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Eating Right Here: Moving from Consumer to Food Citizen

2004 Presidential address to the Agriculture, Food, and Human Values Society, Hyde Park, New York, June 11, 2004


The term food citizenship is defined as the practice of engaging in food-related behaviors that support, rather than threaten, the development of a democratic, socially and economically just, and environmentally sustainable food system. Ways to practice food citizenship are described and a role for universities in fostering food citizenship is suggested. Finally, four barriers to food citizenship are identified and described: the current food system, federal food and agriculture policy, local and institutional policies, and the culture of professional nutrition organizations.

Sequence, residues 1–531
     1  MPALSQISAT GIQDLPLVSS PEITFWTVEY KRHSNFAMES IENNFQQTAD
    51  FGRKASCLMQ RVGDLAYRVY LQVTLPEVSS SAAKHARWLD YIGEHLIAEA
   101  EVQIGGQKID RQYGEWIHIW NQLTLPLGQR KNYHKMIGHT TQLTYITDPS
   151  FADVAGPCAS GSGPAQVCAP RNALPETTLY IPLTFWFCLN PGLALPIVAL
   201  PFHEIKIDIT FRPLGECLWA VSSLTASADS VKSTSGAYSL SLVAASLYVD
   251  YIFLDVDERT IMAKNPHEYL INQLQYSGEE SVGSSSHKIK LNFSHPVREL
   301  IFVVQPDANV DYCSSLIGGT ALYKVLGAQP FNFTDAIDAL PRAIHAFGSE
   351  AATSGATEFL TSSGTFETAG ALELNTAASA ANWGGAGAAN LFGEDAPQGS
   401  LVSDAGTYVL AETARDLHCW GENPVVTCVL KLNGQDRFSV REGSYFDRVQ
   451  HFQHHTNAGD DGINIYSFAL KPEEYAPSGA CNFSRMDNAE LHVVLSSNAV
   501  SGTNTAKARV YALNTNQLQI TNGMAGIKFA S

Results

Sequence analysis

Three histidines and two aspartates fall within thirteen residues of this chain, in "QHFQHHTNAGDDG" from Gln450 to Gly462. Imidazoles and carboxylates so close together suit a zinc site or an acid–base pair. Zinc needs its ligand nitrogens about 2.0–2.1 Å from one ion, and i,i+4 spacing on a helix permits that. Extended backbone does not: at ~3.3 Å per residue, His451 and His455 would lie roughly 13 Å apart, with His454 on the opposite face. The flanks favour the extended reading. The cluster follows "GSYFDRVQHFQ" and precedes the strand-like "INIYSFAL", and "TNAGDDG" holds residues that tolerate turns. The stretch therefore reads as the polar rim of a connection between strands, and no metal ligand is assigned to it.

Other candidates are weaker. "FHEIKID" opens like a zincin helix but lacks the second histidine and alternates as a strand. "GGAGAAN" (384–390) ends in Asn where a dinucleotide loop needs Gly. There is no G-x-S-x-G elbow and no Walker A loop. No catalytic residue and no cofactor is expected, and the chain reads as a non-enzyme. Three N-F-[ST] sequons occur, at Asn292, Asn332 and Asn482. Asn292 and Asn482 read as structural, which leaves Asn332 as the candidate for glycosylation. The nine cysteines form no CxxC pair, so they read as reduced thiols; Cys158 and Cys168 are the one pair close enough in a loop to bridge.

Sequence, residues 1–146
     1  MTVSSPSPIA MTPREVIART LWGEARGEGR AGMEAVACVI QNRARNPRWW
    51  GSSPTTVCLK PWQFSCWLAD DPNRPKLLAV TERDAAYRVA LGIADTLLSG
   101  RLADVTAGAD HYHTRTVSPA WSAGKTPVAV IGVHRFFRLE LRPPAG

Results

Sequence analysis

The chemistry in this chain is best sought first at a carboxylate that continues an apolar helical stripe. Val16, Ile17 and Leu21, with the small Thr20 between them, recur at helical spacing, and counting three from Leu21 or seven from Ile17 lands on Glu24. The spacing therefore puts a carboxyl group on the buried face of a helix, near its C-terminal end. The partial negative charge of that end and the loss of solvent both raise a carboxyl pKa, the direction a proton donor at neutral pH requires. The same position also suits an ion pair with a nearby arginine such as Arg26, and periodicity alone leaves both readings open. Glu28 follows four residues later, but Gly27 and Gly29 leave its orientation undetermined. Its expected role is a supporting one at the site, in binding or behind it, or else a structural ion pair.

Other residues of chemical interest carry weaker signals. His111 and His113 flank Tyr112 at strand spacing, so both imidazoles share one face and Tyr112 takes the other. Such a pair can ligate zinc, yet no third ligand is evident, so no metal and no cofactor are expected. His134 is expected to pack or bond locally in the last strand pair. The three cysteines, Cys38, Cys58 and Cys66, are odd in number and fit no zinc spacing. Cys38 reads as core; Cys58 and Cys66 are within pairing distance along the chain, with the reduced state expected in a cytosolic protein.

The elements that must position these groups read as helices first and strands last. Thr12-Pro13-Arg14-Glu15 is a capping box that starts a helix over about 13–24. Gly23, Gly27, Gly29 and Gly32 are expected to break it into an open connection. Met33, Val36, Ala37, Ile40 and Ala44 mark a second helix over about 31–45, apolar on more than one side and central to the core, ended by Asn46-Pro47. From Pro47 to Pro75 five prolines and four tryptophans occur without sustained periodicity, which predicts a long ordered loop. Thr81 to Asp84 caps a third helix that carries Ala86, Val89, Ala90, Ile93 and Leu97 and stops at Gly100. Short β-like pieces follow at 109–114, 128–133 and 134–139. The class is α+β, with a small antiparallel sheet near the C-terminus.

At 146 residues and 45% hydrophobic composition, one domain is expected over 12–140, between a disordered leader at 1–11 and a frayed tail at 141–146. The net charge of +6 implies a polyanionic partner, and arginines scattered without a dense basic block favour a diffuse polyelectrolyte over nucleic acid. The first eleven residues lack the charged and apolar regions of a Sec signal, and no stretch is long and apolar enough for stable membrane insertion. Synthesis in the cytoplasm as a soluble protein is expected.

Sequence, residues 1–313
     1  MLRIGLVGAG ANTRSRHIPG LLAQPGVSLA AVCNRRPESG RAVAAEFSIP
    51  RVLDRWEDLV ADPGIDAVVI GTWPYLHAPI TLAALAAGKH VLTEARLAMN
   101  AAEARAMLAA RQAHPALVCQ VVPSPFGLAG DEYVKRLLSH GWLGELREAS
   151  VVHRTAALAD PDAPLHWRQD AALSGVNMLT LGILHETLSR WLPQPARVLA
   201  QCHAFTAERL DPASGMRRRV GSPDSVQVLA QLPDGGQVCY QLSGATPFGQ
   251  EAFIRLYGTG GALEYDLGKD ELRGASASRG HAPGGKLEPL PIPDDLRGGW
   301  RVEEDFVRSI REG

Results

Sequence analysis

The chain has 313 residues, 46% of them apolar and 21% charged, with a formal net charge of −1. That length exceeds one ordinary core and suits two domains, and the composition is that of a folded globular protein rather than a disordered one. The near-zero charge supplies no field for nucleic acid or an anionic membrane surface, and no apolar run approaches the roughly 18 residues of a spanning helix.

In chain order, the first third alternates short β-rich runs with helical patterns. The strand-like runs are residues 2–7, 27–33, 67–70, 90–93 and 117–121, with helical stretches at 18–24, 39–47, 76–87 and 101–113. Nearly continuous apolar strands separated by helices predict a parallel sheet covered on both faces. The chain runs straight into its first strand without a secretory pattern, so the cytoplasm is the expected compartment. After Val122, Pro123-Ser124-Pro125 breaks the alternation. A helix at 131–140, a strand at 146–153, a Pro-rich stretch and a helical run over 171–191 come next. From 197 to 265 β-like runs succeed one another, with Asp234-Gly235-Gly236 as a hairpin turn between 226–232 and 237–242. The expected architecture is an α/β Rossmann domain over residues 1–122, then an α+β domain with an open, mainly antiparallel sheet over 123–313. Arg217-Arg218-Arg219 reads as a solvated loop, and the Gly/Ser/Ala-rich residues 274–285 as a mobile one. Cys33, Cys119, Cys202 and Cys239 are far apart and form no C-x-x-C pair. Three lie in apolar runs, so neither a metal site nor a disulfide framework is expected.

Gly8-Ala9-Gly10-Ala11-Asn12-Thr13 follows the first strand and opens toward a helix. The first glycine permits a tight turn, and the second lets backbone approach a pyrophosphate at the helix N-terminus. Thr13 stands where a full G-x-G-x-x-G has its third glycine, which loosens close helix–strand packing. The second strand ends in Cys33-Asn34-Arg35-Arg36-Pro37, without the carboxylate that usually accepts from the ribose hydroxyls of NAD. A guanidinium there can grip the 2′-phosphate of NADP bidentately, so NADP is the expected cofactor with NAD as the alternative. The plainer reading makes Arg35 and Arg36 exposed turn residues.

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Correspondence to Jennifer L. Wilkins.

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Jennifer L. Wilkins is a Senior Extension Associate in the Division of Nutritional Sciences at Cornell University and currently a Kellogg Food and Society Fellow. Her extension and applied research focuses on community food systems, regional dietary guidance, and farm to school connections.

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Wilkins, J.L. Eating Right Here: Moving from Consumer to Food Citizen. Agric Hum Values 22, 269–273 (2005).

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  • Food citizen
  • Food choice
  • Local food systems
  • Policy
  • Sustainability